I Suppose I Have Rachel Miller to Thank for This
Dear Pastor Wilson,
I apologize in advance bc this is a bit lengthy- brevity is NOT one of my gifts. ;)
With as much vitriol as you receive on the regular, I thought I would write to encourage you. I confess, as of about 2 weeks ago, I considered myself in the camp of Ms. Miller. I hated you bc I believed everything she and those like her said about you. I relied on THEIR interpretations of your words and was satisfied with the lone quotes of yours they cited to “prove” their positions. I argued vehemently with my husband that you were a misogynist patriarch who held to antiquated interpretations of Scripture re: the ontological natures of men and women. I REALLY hated that you referred to feminists as “small-breasted biddies”. But then, Ms. Miller wrote “Misquoting Wilson?” I read all the quotes of yours that she intended as “proof” that she didn’t misquote you in her book. And as I read each one, I found myself going “wait, THAT”S what he says? well that doesn’t sound unbiblical at all! why is she twisting these quotes to mean what I’m pretty sure they were never intended to mean??” THEN, when she demonstrated her complete and utter failure to comprehend what Mark Jones was saying about friendship in marriage, I came to the final conclusion that Ms. Miller has a serious agenda against not only you, but ALL pastors who hold to a fully complementarian view. And that she’s definitely come unhinged. Since then, I’ve spent an inordinate amount of time reading your blog, trying to get to the bottom of the “scandals” you’ve been accused of, and overall just really trying to give you a fair shake. I was DELIGHTED to find your wife’s book on being a pastor’s wife and read it in a day (my husband is currently a student at Greenville Presbyterian Theological Seminary). I’m now in a discussion group for Genevan Commons ladies where we’re reading The Fruit of Her Hands together and I’m so excited to read ALL (well, almost all…I’ll probably leave Fidelity to the men ;) ) of your books, your wife’s books, and your daughters’ books. My husband has told me it’s going to be a “Wilson Christmas” lol. OH, and I’m working my way through Rachel and Rebekah’s podcast and am constantly encouraged by these women you’ve raised. I praise God for what he’s done with your life and I’ve repented of my hatred of you. I’m ashamed to even have to type that. But I wanted you to know all this. I just hate that you’re so misunderstood but I commend you for not backing down. God has, is, and will continue to use you mightily and you and your family are in my prayers.
PS. Are you really from Annapolis, MD?? Bc that’s where I grew up :) . . .
PPS. I have to admit, we love your teaching so much that for a second we started checking out real estate prices in Idaho . . . if any intern positions open up in your church I’m PRETTY sure my husband would be interested, hehe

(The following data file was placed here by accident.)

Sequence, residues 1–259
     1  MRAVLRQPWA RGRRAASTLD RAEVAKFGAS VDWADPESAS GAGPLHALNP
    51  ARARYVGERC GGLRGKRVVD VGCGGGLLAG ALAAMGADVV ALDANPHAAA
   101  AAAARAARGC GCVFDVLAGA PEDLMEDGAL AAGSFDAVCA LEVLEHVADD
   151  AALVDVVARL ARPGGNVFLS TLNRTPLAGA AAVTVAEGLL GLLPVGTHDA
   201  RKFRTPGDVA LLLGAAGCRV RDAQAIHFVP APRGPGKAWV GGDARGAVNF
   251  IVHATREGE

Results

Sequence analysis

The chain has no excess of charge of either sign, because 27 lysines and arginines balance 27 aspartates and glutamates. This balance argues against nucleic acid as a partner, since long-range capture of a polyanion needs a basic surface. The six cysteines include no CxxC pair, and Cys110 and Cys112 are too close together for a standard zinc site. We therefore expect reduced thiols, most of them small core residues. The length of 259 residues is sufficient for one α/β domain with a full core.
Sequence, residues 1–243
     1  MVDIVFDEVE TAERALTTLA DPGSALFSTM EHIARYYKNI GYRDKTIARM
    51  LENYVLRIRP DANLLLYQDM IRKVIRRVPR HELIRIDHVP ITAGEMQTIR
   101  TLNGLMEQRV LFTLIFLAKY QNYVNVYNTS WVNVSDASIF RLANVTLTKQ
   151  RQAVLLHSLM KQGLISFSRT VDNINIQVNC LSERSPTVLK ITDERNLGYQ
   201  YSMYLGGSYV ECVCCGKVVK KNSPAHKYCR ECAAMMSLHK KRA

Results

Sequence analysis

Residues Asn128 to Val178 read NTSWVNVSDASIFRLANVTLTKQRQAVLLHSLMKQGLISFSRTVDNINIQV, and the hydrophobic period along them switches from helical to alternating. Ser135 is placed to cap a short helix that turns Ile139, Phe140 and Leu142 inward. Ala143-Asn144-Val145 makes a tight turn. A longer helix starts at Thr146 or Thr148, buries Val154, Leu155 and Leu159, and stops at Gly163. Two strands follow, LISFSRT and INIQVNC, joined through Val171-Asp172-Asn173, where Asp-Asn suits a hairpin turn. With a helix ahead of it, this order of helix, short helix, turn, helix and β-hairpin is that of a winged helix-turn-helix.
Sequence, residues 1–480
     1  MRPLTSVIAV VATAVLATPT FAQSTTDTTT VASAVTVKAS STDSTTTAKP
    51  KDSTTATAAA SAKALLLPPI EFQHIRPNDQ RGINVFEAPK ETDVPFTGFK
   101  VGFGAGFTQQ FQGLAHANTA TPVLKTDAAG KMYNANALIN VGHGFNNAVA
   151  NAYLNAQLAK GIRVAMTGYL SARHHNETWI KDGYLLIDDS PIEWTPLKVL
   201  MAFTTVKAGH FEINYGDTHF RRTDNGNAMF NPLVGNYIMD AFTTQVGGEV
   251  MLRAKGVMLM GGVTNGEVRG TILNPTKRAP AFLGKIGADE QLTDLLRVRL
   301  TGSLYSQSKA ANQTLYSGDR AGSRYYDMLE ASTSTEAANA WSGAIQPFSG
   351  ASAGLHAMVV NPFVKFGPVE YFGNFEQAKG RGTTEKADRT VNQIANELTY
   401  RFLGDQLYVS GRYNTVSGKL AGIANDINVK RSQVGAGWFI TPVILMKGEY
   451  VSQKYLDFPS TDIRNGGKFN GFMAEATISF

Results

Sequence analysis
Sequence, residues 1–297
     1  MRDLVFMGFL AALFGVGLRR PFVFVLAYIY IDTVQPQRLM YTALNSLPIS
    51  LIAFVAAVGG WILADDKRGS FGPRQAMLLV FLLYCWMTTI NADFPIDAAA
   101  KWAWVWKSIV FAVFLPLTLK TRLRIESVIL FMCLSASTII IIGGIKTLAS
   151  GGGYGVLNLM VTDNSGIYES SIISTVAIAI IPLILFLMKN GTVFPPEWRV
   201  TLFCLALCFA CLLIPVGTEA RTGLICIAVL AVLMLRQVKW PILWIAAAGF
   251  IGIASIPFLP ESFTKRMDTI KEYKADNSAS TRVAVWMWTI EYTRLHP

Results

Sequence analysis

PPPS. I still don’t like the “small-breasted biddies” comment but that’s a different conversation ;)
A Former Wilson “Hater” ;)
Dear Former Hater, thanks very much for this. Yes, I really grew up in Annapolis. I love getting a fair shake, whenever it happens.
From the NQN Blast Radius
“This is why secularists and liberals, who are not committed to inerrancy, are often more to be trusted with what the Scriptures actually say because they are not ever stuck with defending the final results. They can say, for example, that the apostle Paul told certain busybody women to “go home” (Tit. 2:5) and wasn’t that just a laugh riot?”
Yes. That’s right–and very revealing/clarifying. Thank you, Pastor Wilson, for your work in general and for this important insight in particular.
Paul, thanks very much.
Thank you for being honest and unapologetic about what you call the ‘angular’ portions of scripture rather than trying to explain them away.
Jeff, thanks. If we are talking with nonbelievers, and we are not honest with our own text, why should they believe we are being honest about anything?
I just finished reading “Inerrancy as the Queen Mum of Evangelicalism.”
First, I was far too impressed with myself for being able to divine, with little effort, where the article was going based on the title. I only mention that because I think it rather funny that I really thought for a moment that I had just demonstrated my own rather impressive erudition by getting exactly what I was meant to when I read the title. Mind you, I am typically much harder to impress when I am considering the feats of others.
Second, well, that article was a bull’s-eye, sir. Not the fifty point kind, either. A full hundred. You could have selected any number of issues about which the Bible speaks and on which Evangelicals are only too happy to ignore it once their imagined spot at the cool kid’s table is threatened or the threat of any level of actual conflict is implied.
Ever watched as an elder, during Sunday worship, stands silently up front, hands folded politely at the waist, while the female “worship leader” leads the congregation in corporate scripture reading and prayer? I have. Many times. Sometimes I wonder why Evangelicals bother with the Bible at all.
I appreciate the fact that there are other people out there who see it, even if our numbers are relatively few. There is something comforting about not being the only one, even if the madness doesn’t appear to be letting up at all.
Andrew, thank you. Yes, there are many issues, and many passages, where this kind of thing occurs.
Thanks Pastor Wilson,
Having gone through the Reformed seminary system I do have concern that we are slipping into an exegesis of Titus 2 where the Apostle Paul is described as “culturally bound.” I have also heard it argued that morality “evolves” in the sense that slavery was good in the Bible and it is bad now. Some are even giving up on the language of “inerrancy” due to the problem of submission/authority.